Oh geeze, where does the time go?
I can’t help but use hokey vernacular as I put pen to paper – or finger to keyboard – from arguably America’s corniest town, Solvang, CA! Actually I take that back; it’s not corny, not hokey, not tacky, nor hackneyed. Solvang is just a little taste of Denmark right here in southern California, complete with faux windmills, every storefront clad in traditional Danish font, and most establishments hocking magnets of miniature Hilde and Bjørn in their classic native garb.
It’s likely the Denmark of Europe’s affinity for cycling that gravitates cyclists to Denmark of California, here in Solvang. This quaint village has played host to the Tour of California time trial a whole slew of times. On top of that, tons of top-notch teams settle into Solvang for a week or two of early season camps. The near perfect weather, the abundance of well maintained roads in tandem with very low traffic, plus legendary climbs like Figueroa or zipping over to Camino Cielo make Solvang a cycling destination. Not to mention that every other establishment in the three-square block downtown is an exquisite bakery…
Let’s jump into the WayWayBack Machine:
Just as the top tiered European professional teams settle into their Solvang training camps, there I was in my sophomore 2007 season with Priority Health Pro Cycling. A nascent program, we were the bad news bears, a bunch of unknowns all young and eager and ready to storm cycling. We rented a house and, without a follow car of course, rode all the classic Solvang’ian rides – Figueroa, Gibraltar, Rifugio, and Alisal. I celebrated my 24th birthday at a nearby brewery, and soon after we took on our first Amgen Tour of California.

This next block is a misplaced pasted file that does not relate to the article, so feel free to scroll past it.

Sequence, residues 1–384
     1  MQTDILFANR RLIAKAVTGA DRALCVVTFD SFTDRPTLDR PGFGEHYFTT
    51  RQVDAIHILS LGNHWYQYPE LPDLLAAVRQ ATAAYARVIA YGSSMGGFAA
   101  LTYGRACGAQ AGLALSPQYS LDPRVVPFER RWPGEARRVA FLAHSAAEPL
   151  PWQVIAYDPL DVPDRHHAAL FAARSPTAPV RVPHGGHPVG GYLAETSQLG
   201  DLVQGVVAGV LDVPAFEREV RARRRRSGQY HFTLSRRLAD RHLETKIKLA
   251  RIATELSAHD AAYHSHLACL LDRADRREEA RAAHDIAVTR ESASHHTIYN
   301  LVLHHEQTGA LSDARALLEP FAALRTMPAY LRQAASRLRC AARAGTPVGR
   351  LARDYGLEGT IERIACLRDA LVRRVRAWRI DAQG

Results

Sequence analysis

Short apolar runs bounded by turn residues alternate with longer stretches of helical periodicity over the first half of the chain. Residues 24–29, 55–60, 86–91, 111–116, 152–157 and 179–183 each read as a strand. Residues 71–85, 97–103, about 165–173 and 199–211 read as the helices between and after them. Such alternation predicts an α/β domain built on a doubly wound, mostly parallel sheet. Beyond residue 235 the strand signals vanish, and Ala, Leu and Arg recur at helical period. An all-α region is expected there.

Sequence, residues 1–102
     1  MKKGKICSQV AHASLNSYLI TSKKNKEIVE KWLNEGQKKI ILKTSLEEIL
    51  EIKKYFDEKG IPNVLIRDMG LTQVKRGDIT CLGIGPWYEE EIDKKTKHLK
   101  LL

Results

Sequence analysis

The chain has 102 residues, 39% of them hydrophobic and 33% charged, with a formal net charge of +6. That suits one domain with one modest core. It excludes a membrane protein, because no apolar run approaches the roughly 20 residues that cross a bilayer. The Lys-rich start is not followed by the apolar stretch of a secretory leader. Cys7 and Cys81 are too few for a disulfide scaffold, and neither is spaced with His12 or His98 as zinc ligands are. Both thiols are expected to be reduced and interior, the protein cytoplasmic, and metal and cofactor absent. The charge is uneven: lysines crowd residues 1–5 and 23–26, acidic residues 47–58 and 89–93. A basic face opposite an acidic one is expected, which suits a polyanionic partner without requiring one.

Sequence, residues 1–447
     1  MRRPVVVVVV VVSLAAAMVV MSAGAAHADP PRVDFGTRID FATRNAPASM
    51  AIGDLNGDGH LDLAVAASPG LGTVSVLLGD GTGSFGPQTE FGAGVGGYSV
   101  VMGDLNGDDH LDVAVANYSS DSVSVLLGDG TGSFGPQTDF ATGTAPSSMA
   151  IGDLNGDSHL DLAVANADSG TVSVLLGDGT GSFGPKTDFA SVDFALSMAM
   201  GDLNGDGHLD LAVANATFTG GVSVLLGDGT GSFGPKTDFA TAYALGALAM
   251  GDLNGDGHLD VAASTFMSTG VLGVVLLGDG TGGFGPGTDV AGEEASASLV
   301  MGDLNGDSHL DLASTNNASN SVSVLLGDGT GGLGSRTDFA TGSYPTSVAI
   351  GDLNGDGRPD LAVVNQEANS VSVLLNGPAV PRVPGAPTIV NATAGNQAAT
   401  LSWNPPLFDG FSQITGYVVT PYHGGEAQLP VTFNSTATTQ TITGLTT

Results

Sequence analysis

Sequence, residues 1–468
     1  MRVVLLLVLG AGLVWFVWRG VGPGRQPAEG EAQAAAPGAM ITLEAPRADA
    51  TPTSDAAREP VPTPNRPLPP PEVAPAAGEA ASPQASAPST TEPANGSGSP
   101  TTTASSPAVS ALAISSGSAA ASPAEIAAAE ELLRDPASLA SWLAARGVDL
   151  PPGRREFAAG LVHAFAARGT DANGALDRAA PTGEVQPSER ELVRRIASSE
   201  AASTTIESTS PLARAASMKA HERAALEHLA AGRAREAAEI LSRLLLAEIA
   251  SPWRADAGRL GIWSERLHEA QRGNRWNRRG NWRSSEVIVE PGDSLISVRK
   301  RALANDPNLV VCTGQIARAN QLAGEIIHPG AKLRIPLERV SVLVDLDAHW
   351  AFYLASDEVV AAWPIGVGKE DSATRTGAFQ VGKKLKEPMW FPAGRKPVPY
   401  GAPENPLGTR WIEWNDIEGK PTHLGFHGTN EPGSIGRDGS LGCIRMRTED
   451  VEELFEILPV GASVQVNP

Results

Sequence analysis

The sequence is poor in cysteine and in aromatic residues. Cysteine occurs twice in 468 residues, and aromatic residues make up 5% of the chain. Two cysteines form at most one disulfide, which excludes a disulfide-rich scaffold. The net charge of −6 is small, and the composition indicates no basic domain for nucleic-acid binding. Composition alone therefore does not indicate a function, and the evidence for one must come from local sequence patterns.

This is the brief, glancing chapter that’s helped to script my ongoing story in cycling. Time’s have changed, I raced two more years in America before setting overseas and setting up shop with the likes of Cervelo TestTeam, Liquigas, and now the almighty Cannondale Pro Cycling.
Like seemingly all things cycling, the more things change, the more they stay the same. I descended back upon Solvang two days ago for a brief mini camp. The windmills are still spinning, the roads are as sinuous as ever, and Hilde and Bjørn are still hanging out for sale on refrigerators across town. On camp’s day one, I set out with my friend and colleague Tejay, plus two youngsters who are new to pro cycling, eager and hungry to storm the sport. Jeff, 21, and Alex, a mere 19 year old, are already part of the USA national team in Europe and have strong roster spots on highly respectable domestic teams. Call it coincidence, but they lead the way and we rode the same Santa Rosa Road and onward to Figueroa that I explored on my first day of camp in 2007.